Stretching the Field: Dodgers' Puig is no sure thing

Here's a warning for all Los Angeles Dodgers fans: Don't get caught up in the Yasiel Puig hype.

Yes, the young Cuban is taking Hollywood by storm and it would be no surprise if he already has his name etched on the Boulevard's Walk of Fame.

But let's not get carried away.

Puig was discovered by longtime scout Mike Brito, the same man who got former Dodgers great Fernando Valenzuela on track to stardom.

"Puig is the 32nd player I signed to make it to the big leagues in my 34 years in the organization," Brito told the Dodgers' website earlier this week. "It's a great feeling."

Brito hopes Puig follows the same path as Valenzuela, but should know that could be asking too much. The Dodgers are in desperate need of some life and Puig could be the man with the defibrillator.

This week, Puig has resuscitated a Dodgers ballclub that is dead last in the NL West standings after coming into the season with great expectations and a payroll that's higher than Chris Perez.

Loaded with a rocket arm in the outfield and a physique similar to an NFL defensive back, Puig was promoted from Double-A Chattanooga and led the Southern League in hitting and slugging. He has continued to see the ball well at the major league level and is 7-for-16 (.438) with three home runs, nine RBI and a 1.063 slugging percentage in only four games.

The legend continued in Thursday's 5-0 win over the Atlanta Braves when the 6- foot-3, 215-pound Puig cracked a grand slam. In just his second game on Tuesday, Puig homered twice and drove in five runs, becoming the second player in major league history with a two-homer, five-RBI performance within the first two games of his career. Dino Restelli turned the trick in 1949 with the Pittsburgh Pirates.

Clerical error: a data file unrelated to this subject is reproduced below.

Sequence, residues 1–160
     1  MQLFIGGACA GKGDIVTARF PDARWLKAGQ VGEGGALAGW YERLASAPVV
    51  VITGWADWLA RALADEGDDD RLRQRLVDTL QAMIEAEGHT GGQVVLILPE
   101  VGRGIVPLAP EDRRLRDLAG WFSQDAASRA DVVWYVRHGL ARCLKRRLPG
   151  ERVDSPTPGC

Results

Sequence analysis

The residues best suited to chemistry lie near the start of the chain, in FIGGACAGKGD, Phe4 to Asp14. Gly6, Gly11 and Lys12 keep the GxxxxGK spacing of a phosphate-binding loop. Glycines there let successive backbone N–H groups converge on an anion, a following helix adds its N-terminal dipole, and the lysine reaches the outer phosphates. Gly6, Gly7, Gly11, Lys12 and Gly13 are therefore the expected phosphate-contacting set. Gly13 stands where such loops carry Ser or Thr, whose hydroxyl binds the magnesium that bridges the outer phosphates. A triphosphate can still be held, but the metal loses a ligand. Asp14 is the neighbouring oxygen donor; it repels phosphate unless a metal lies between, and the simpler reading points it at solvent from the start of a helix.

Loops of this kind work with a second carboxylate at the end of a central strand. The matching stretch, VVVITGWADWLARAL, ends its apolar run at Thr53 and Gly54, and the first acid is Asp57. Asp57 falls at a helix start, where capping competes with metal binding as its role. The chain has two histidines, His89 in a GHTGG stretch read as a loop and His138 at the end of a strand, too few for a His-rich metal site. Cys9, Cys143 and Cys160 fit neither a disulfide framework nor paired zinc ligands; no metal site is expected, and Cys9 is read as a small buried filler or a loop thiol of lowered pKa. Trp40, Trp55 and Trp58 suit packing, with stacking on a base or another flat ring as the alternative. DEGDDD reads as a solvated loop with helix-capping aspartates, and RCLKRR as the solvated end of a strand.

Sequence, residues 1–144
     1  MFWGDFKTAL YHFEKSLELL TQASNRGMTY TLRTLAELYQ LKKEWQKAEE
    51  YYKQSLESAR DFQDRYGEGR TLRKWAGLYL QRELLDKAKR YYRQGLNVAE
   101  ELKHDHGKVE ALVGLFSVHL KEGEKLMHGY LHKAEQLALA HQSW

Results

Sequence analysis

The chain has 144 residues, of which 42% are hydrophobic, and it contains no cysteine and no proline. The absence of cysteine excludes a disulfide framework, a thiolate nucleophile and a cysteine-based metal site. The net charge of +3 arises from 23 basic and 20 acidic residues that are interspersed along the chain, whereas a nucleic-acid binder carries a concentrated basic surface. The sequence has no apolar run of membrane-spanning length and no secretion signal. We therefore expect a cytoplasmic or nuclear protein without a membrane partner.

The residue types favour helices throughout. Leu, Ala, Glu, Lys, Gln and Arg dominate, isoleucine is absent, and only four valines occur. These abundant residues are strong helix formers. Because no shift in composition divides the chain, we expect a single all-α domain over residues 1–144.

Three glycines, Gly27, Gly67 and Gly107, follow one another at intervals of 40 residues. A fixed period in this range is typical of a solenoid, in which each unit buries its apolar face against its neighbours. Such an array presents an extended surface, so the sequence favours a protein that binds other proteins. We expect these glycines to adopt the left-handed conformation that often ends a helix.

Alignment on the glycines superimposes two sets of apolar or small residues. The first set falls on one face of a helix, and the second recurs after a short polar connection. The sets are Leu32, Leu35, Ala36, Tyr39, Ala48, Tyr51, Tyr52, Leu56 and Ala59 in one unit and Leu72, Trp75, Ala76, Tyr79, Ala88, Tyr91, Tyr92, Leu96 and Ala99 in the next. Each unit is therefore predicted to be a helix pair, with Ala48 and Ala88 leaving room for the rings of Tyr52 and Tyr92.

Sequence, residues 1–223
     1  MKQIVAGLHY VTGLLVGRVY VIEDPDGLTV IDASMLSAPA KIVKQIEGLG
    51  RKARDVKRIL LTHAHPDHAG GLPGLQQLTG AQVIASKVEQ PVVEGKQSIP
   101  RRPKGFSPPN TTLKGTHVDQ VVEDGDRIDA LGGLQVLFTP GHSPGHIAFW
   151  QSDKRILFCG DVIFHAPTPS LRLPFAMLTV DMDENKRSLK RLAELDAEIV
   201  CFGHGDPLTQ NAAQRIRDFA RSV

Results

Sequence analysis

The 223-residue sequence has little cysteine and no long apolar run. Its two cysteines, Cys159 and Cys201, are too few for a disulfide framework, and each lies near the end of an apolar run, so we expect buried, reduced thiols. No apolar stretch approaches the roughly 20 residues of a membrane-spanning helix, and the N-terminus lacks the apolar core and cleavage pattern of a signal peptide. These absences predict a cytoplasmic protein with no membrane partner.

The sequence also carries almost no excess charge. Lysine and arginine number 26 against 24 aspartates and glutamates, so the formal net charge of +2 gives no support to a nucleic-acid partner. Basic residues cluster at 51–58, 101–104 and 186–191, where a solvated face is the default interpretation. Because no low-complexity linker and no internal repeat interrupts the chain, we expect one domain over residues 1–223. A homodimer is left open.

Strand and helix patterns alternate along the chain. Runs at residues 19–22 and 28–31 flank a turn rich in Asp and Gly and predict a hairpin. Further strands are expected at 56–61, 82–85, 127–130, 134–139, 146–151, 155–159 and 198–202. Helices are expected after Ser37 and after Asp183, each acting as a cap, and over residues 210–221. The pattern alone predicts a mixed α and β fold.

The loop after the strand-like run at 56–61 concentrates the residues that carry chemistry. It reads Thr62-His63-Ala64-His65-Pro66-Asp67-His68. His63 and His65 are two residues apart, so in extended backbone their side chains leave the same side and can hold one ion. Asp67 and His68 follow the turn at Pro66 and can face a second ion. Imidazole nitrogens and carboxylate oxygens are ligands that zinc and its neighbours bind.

Los Angeles manager Don Mattingly, whose job could be saved by Puig's emergence, is happy to have the rookie on board.

"He plays with such joy and that's really what we love," Mattingly said. "He's definitely brought some energy, but you don't just bring energy unless you go produce and I think that's what we've seen. You're not going to spark anybody if you go out and go 0-for-4, but he's not doing that. By producing, he creates energy."

The Dodgers are 3-1 since summoning Puig from the minors. Whether the rest of the clubhouse becomes infected by Puig's energy is unknown. Adrian Gonzalez has been playing well all season and the same can't be said for Andre Ethier or Matt Kemp. Kemp is on the disabled list with the likes of Carl Crawford and Josh Beckett, and Hanley Ramirez was just activated off the DL.

It will be interesting to see if the Dodgers can jell around Puig when all the pieces are back and healthy. And that's where doubt starts to settle in.

Not to be a wet blanket, but there are plenty of prospects who flamed out after their bandwagon caught fire. Just ask Mark Prior, Ben Davis, Todd Van Poppel, Ben McDonald, Ruben Rivera, Ben Grieve or Gregg Jefferies.

There are several others and that's why fans should not fall head over heels with Puig just yet. Much like unknown pitchers who take the mound by storm until opposing teams watch video and learn more of his tendencies, the same goes with hitters, and Puig is having his moment right now. Whether it lasts into the heat of the summer is uncertain.

Dodgers legendary announcer Vin Scully is a believer and proved it Thursday after Puig went opposite field for his first career grand slam.

"I have learned over the years that there comes a rare and precious moment where there is absolutely nothing better than silence. Nothing better to be absolutely speechless to sum up a situation. And that was the moment. Holy mackerel."

How many more moments will Puig provide? We'll just have to wait and see.